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Federated Learning at Scale - Part I

## Summary

Federated learning (FL) is a machine learning setting where many clients (e.g. mobile devices or whole organizations) collaboratively train a model under the orchestration of a central server (e.g. service provider), while keeping the training data decentralized. FL allows for smarter models, lower latency, less bandwidth usage, and less power consumption, all while ensuring privacy and user experiences.
Nowadays, much of the data is born decentralized. For example, billions of phones and IoT devices constantly generate data, and the data can be used to enable better products. Informally, instead of bringing all data into a centralized server and train a model, FL brings the model to where the data lives, train it locally, and only upload the update to the server. Local data storing and processing with global coordination is made possible by the emerging technology of mobile edge computing(MEC), where edge nodes, such as sensors, home gateways, micro servers, and small cells, are equipped with storage and computation capability.
Note: FL is a term coined by researchers from Google and research projects in Berkeley use the term shared learning instead of Federated Learning.

## ​The Lifecycle of a Model in Federated Learning​

The FL process is typically driven by a model engineer developing a model for a particular application. At a high level, a typical workflow is:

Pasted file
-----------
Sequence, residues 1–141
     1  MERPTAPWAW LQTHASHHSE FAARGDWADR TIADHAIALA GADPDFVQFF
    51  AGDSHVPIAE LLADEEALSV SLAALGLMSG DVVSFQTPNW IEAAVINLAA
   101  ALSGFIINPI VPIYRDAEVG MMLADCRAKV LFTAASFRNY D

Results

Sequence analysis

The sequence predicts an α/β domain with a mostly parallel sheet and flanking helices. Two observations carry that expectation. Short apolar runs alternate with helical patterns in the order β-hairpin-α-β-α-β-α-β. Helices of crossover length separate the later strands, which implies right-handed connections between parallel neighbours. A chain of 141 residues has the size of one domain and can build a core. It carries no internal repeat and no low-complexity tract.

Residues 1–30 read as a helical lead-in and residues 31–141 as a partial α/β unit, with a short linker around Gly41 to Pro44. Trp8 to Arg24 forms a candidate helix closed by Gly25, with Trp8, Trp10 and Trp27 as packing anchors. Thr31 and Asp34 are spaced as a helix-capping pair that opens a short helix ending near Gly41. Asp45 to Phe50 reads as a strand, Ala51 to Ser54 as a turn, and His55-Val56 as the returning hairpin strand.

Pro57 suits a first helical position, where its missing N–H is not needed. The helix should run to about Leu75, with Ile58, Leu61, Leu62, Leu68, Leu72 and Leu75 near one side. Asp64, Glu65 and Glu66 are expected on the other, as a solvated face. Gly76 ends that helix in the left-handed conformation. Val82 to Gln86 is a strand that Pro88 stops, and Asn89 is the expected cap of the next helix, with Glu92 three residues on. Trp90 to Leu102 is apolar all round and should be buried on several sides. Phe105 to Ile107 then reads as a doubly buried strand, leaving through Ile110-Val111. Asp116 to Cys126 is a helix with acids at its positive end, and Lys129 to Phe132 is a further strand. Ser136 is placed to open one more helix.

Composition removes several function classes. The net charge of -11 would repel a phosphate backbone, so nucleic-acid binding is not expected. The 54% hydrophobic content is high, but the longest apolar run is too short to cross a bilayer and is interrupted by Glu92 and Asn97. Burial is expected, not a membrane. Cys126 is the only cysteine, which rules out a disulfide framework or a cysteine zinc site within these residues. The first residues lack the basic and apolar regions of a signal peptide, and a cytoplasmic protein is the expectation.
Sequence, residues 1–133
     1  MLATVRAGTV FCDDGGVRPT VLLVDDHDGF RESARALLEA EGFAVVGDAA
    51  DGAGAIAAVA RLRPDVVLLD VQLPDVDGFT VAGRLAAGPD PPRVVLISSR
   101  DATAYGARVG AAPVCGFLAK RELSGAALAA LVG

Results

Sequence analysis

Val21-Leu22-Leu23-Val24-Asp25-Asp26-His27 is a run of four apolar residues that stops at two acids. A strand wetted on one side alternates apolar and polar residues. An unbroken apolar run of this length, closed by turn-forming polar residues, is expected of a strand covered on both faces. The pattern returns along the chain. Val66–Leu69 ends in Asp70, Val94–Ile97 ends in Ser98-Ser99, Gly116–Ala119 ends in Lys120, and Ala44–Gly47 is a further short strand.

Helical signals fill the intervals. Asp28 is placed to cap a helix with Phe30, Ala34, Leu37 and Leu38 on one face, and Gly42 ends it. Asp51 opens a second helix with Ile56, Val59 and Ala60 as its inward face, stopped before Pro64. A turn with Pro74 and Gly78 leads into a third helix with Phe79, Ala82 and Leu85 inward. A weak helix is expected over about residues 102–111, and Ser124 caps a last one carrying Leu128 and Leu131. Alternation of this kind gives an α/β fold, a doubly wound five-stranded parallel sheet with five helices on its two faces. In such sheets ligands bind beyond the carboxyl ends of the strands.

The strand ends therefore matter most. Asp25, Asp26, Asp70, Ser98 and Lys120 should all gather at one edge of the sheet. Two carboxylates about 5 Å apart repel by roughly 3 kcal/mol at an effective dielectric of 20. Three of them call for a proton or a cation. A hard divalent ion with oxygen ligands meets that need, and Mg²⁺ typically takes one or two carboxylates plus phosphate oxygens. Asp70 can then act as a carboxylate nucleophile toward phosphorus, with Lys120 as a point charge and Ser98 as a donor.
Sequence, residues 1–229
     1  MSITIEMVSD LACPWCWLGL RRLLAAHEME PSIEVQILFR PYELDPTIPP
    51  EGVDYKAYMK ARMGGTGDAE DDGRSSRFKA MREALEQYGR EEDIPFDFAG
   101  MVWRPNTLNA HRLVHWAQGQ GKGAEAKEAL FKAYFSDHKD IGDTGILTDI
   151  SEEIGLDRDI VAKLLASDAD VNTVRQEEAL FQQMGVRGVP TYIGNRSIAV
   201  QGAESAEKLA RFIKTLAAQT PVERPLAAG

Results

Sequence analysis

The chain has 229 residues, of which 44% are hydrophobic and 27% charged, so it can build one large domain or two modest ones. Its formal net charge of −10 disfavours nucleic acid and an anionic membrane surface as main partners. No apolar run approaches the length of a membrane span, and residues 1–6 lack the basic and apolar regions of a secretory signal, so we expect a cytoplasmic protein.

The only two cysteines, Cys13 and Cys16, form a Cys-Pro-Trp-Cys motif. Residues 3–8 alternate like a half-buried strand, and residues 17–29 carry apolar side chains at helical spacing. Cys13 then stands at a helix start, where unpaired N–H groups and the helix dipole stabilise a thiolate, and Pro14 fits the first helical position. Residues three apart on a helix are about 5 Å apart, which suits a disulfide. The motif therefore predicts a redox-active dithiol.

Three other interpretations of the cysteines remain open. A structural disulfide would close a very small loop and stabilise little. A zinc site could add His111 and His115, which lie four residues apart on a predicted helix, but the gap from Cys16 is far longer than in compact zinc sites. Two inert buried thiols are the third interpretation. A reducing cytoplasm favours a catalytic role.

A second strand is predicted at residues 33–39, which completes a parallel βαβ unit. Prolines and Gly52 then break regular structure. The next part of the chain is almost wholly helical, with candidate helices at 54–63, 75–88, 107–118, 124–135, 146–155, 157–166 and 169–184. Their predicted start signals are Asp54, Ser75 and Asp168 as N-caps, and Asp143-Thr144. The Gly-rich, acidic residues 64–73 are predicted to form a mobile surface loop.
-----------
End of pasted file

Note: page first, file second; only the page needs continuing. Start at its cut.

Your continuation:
• Problem identification: The model engineer identifies a problem to be solved with FL.
• Simulation prototyping (optional): The model engineer may prototype model architectures and test
hyperparameters in an FL simulation using a proxy dataset or in real setting.
• Federated model training: Multiple federated training tasks are started to train different variations of the model, or use different optimization hyperparameters.
• (Federated) model evaluation: After the tasks have trained sufficiently, the models need to be analyzed. This analysis may include metrics computed on standard datasets in the datacenter, or federated evaluation wherein the models are pushed to held-out clients for evaluation on local client data.
• Deployment: Finally, once a good model is selected, it goes through a standard model launch process.
https://arxiv.org/pdf/1912.04977.pdf

## ​Google's System design for FL​

We term our approach Federated Learning, since the learning task is solved by a loose federation of participating devices which are coordinated by a central server.
The goal is to build a system that can train a deep neural network on data stored on the phone which will never leave the device. The weights are combine in the cloud with Federated Averaging, constructing a global model which is pushed back to the phone for inference.

### Device-server protocol

Each round of the protocol contains three phases.
• Selection: The server(i.e. the coordinator in the server) picks a subset of available devices to work on a specific FL task[1].